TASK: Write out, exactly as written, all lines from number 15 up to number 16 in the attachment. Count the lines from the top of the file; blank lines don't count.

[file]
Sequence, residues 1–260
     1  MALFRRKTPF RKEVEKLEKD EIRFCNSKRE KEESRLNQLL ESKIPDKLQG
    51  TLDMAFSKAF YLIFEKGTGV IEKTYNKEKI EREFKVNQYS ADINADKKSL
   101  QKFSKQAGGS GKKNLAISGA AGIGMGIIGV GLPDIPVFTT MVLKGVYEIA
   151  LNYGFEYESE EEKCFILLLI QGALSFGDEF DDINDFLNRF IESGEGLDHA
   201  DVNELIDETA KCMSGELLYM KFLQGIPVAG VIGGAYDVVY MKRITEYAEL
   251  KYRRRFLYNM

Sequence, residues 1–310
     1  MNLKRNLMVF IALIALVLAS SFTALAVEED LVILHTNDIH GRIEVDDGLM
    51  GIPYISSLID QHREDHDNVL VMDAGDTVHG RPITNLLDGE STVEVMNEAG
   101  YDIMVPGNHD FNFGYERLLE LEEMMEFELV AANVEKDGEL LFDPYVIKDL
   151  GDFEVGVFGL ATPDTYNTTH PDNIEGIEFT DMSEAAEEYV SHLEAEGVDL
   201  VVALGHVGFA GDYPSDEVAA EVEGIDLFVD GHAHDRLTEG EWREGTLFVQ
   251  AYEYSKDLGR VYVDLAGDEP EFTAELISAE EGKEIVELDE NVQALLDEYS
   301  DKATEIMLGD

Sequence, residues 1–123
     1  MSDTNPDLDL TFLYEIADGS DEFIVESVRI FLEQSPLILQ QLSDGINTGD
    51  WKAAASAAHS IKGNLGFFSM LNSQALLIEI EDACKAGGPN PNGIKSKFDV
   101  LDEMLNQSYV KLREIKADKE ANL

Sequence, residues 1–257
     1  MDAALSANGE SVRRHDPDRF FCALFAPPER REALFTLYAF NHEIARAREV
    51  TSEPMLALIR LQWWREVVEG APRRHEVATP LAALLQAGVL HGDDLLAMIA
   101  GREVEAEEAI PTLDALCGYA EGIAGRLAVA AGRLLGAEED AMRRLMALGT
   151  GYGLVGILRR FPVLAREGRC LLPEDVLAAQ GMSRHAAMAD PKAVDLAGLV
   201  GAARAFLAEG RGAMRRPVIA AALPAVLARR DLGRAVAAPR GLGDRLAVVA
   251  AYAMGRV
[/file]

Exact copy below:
   301  DKATEIMLGD

Sequence, residues 1–123